You might be surprised to know that, apart from fibre, sugar has no more calories than any other ingredient.Read More
Today all pre-packaged foods and drinks manufactured in Malawi must clearly display labels on the pack – this is mandatory under the Certification Marks Regulations (3). These labels can help you understand the nutrient and calorie count of the products you are buying.
When it comes to sugars, below you’ll find some useful information about where you can find out just how much are in a product.
You’ll find the ingredients label on the front or back of pack. Here all the ingredients that have been used to make the product will be shown in order of weight, according to the proportion of ingoing weight (m/m) at the time of the manufacture of the food.
If you see ‘sugar’ listed, then it is the same type of sugar that you find in your home (sucrose). There may also be other ingredients that contain sugars such as fruit, fruit juice or other sugar ingredients e.g. dextrose or glucose.
Nutritional information Panel
The second place you will be able to find out about sugars is on the nutritional information panel. Although the nutritional label is not a mandatory requirement, many products display it to help you understand the nutrient and calorie count.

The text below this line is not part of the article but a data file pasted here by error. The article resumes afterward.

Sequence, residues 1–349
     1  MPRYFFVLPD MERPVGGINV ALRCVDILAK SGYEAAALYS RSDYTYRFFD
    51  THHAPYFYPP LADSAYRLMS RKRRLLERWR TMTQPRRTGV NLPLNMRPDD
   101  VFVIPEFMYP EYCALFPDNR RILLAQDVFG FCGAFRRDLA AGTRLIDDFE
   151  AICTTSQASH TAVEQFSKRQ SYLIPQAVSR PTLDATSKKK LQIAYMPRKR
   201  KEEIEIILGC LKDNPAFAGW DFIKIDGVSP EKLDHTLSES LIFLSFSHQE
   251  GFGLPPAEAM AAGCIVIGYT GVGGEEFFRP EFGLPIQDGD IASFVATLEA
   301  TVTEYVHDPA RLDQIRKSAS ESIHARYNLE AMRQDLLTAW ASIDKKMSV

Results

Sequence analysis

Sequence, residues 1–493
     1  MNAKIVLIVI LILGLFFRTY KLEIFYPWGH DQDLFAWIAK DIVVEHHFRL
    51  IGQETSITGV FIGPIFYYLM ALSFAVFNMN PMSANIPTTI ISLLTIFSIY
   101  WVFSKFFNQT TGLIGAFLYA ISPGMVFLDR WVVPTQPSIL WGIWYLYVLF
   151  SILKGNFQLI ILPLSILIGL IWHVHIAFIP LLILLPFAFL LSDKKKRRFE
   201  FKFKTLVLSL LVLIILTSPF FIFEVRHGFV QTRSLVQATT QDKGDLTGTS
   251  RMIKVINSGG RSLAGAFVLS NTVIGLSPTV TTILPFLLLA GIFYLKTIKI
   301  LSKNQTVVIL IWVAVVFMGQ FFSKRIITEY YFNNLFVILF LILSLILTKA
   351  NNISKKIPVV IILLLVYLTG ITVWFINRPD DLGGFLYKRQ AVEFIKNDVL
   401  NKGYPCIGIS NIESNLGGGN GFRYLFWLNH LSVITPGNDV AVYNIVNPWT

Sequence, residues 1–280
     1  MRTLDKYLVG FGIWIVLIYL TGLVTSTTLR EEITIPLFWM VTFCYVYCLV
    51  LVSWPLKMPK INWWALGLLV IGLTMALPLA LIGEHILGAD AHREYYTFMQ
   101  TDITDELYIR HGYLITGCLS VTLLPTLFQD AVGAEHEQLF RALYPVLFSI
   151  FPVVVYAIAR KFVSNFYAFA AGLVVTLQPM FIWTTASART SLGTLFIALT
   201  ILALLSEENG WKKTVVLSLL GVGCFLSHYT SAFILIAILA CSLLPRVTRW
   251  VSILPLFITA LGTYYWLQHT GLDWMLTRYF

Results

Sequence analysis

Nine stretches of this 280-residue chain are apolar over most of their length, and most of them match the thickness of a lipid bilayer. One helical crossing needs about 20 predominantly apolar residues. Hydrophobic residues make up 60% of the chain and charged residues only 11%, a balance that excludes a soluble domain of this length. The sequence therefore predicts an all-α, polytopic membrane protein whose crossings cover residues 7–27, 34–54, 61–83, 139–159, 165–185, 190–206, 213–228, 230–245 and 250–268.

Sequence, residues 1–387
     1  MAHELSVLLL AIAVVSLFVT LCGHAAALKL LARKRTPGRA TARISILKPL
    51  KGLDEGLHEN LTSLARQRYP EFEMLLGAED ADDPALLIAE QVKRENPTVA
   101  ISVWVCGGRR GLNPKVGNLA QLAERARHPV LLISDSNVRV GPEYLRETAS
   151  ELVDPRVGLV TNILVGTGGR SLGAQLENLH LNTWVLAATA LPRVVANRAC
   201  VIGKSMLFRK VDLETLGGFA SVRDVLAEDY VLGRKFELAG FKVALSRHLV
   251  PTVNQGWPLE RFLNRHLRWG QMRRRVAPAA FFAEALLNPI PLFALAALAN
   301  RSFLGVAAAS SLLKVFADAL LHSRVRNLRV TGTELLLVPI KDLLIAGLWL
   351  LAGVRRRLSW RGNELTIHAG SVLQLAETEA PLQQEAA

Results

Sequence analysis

This label can be found typically on the back or side of pack and will list the major nutrients in a product, including energy (in kilocalories (kcal), known as calories), and the amounts of fat, carbohydrates, sugars, protein and salt. Some products also show the nutrient content in terms of per portion as a percentage of the Daily Value.
Sugars will be listed as carbohydrates (which usually include both starches and sugars) and will use the phrase “of which total sugars” to show how much sugars there are per 100g/100ml of product.
Identifying ‘added sugars’
We often get asked as well about identifying ‘added sugars’ (ie. sugars that have been added during food and drink manufacturing). It is not possible to distinguish naturally occurring sugars from added sugars in a laboratory given they are the same molecule. However, some countries are now moving towards ‘added sugars’ labelling. For example, the US is introducing ‘added sugars’ onto labels of pre-packaged foods, as well as sugars from added syrups, honey and concentrated fruit or vegetable juices.